DEAR ABBY: Since Sept. 11, I have been re-evaluating my life. It has been a traumatic time.
We all need compliments, humor, and a reconnection to our inner selves. I can nurture others with a smile, a phone call, an invitation to go out for coffee, or allow a stranger to pet my dog.
What a wonderful equalizer my dog is. I conjure up the image of a dog lying in front of a warm fireplace, his expression quietly conveying calm and reassurance. I believe we can reduce our anxiety by creating peace in our minds and hearts. –- R.C. DUNCAN, COTTONWOOD, ARIZ.
DEAR R.C.: Being a nurturer can be as simple as reminding ourselves that our needs do not always come first. I love the mental image of the dog in front of the fireplace to symbolize peace and reassurance. Read on:
DEAR ABBY: I want your readers to know that there are no bad dogs –- only bad owners. Contrary to recent press coverage, rottweilers are loyal, hardworking dogs that originated in Germany. Here in the United States, they are used extensively by the police and have received awards for their assistance.
I had the privilege of owning a rottweiler named Otto for nine years. He was trained to be loving and obedient -– not to attack.
I am epileptic and can attest to Otto's loving loyalty. Because of his acute sensitivity, he sensed exactly when I was going to have a seizure. Otto would stay next to me to protect me, allowing only close family or friends to come near. He would gently lick my face until I regained consciousness and recovered from my attack. Even after my recovery, Otto would never be more than a few feet away from me.
My loyal 160-pound friend passed away last year due to cancer. I will never be able to fill the void in my heart.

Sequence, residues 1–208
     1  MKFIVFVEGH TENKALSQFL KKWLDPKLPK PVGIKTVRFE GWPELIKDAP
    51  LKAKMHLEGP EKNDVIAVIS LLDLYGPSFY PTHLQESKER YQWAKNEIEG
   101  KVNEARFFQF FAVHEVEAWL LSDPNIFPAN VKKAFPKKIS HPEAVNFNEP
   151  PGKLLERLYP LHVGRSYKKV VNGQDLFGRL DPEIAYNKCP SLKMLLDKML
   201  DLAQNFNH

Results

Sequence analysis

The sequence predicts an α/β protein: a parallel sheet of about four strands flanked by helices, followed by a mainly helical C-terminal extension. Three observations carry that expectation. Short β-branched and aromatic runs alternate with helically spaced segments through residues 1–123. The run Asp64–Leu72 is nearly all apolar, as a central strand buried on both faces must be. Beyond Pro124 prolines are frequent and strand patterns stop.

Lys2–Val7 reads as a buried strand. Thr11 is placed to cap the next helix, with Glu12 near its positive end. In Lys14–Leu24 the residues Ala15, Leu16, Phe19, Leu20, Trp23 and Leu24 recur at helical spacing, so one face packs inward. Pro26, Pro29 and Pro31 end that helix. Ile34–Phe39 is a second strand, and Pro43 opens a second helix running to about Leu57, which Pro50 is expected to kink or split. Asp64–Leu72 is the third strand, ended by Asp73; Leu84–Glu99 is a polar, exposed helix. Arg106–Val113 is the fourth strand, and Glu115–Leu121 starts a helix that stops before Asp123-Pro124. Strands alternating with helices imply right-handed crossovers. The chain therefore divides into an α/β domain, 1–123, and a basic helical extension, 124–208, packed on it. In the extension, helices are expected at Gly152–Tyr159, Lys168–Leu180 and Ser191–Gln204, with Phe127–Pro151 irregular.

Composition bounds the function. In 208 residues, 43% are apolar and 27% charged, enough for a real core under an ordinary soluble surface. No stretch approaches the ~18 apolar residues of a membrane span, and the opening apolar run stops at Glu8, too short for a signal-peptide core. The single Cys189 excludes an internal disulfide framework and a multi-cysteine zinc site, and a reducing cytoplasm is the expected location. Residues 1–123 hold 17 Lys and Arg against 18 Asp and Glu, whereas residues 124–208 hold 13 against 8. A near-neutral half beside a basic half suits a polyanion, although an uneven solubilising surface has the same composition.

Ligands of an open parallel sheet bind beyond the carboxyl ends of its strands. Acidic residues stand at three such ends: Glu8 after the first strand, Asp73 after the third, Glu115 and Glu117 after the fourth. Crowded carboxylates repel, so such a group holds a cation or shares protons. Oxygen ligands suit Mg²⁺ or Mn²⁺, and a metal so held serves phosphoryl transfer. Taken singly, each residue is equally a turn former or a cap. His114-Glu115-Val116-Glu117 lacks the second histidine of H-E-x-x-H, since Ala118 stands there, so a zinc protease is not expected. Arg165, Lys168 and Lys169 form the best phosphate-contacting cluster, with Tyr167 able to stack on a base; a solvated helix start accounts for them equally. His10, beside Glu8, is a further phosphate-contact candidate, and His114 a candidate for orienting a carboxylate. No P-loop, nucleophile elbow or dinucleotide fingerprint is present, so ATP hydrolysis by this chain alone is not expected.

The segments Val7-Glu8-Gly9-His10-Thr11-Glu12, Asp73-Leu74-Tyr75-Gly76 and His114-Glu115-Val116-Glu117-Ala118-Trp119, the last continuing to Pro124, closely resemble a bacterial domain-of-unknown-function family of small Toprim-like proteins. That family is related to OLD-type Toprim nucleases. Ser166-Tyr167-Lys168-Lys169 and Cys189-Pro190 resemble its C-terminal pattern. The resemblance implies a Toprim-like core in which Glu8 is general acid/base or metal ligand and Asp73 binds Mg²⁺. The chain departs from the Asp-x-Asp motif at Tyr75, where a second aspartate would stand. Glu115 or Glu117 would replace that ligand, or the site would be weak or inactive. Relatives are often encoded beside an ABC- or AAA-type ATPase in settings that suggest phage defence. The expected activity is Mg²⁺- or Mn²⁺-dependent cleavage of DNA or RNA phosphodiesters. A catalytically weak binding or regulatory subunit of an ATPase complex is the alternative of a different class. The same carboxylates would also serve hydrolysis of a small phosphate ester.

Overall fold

Abby, these gentle and beautiful dogs do not get the recognition they deserve for the good they do. We shouldn't condemn a marvelous breed of animal for the malicious and abusive training of a few bad owners. –- PATRICK J. KENDRICK, MORTON GROVE, ILL.
DEAR PATRICK: I agree. Please accept my condolences for the loss of your stalwart guardian.
No one should underestimate the ability of dogs (or cats) to help their owners reclaim good health. A 1980 study at the University of Maryland showed that heart attack sufferers who owned pets were four times more likely to be alive a year later than people who were not pet owners. They also had shorter hospital stays because they wanted to get home to their pets. Further, they took less medication for cholesterol and high blood pressure, possibly because those who owned dogs were more active.
Arthritis sufferers, cancer patients, and those suffering from depression or chronic pain also benefit from having pets.
I just finished a wonderfully readable and informative book, "The Healing Power of Pets," by Dr. Marty Becker and Danelle Morton. It is published by Hyperion, and it's now available in bookstores. It made me laugh, it made me cry, but most of all it educated me about a benefit of pet ownership I had been unaware of before.
What teens need to know about sex, drugs, AIDS and getting along with peers and parents is in "What Every Teen Should Know." To order, send a business-sized, self-addressed envelope, plus check or money order for $5 (U.S. funds) to: Dear Abby -- Teen Booklet, P.O. Box 447, Mount Morris, IL 61054-0447. (Postage is included in the price.)
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